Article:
It’s looking to be a season for comets teasing skywatchers with their magnificent tails. In the case of Comet Swan, that tail is some 10 million miles (16 million kilometers) long.
earlier this year before it broke up and fizzled out. But just as that promising space snowball was cracking up, in late March.
Now Comet Swan could deliver on the promise of a rare night sky show that Atlas failed to provide. Already, Swan could be visible to those with exquisitely dark skies and sharp eyes. Others might also be able to spot it with binoculars.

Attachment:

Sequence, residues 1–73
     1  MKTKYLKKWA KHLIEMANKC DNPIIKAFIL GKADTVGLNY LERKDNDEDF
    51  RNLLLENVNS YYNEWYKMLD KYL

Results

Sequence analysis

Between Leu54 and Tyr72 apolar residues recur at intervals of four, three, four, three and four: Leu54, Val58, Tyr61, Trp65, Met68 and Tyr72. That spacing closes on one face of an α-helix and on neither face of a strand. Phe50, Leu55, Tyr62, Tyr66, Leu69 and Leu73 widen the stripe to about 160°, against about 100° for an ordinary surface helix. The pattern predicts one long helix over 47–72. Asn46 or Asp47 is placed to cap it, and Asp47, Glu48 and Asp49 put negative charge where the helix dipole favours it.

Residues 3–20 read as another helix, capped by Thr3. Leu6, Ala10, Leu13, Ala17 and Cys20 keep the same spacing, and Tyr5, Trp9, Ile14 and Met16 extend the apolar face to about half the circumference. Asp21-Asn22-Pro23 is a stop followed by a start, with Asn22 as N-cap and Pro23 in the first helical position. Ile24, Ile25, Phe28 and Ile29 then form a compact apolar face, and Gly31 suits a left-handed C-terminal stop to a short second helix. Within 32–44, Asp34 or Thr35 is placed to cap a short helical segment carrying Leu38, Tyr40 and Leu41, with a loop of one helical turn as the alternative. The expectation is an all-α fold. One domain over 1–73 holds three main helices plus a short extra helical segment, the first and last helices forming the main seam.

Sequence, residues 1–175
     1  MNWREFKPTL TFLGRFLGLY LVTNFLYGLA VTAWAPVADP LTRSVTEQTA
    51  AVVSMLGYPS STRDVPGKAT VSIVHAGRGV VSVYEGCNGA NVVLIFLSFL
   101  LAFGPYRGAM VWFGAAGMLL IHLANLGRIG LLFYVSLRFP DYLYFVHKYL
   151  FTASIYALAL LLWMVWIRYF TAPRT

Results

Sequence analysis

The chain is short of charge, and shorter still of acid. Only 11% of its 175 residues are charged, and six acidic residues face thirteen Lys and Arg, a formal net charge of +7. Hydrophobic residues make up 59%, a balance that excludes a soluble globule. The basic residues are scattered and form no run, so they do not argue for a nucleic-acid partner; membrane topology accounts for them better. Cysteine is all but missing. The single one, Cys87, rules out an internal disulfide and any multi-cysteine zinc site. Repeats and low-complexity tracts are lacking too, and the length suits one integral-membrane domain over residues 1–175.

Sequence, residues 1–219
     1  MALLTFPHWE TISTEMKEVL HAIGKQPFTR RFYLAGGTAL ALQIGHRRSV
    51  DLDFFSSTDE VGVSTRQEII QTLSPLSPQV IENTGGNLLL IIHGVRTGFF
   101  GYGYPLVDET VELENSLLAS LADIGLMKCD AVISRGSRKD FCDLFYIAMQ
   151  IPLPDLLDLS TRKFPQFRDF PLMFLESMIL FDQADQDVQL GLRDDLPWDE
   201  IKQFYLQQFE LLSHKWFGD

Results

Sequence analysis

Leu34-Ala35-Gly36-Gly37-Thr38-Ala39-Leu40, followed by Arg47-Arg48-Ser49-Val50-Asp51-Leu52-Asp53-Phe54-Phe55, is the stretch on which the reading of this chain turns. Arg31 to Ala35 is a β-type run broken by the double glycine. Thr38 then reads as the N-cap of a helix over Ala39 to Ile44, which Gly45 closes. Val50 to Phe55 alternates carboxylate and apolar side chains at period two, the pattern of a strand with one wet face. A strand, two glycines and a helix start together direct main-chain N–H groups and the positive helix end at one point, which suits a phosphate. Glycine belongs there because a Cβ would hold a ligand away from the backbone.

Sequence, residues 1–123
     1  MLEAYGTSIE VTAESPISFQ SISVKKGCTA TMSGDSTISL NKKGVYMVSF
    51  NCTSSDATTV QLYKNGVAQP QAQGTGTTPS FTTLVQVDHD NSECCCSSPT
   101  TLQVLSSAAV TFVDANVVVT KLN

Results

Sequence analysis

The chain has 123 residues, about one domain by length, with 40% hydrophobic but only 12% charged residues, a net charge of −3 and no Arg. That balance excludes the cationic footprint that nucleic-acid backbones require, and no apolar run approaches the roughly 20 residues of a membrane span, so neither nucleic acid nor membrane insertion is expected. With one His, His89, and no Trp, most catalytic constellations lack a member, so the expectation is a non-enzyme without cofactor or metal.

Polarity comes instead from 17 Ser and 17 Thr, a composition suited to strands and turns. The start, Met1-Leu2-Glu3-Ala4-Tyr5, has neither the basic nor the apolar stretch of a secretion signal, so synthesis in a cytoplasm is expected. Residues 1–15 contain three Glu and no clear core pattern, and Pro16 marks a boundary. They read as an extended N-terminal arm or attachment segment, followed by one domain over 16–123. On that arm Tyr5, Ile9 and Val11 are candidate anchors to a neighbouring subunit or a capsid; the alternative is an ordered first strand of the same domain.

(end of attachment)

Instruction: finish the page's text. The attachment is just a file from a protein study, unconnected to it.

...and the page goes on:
Astronomer Con Stoitsis said some predictions show the comet continuing to brighten in the coming days.”It should be an ‘obvious’ naked eye target in mid-May,” he said on Twitter.
The comet made its closest pass by Earth on May 13 and comes nearest to the sun on May 27.
Keep in mind that comets are notoriously fickle, as Comet Atlas demonstrated, and Swan could also go from rapidly brightening to fragmenting and fading at any moment.
With that in mind, it’s probably a good idea to try and catch it now. You can look for it while also watching for this week’s, which comes from the leftovers of another space snowball, the famed Halley’s Comet.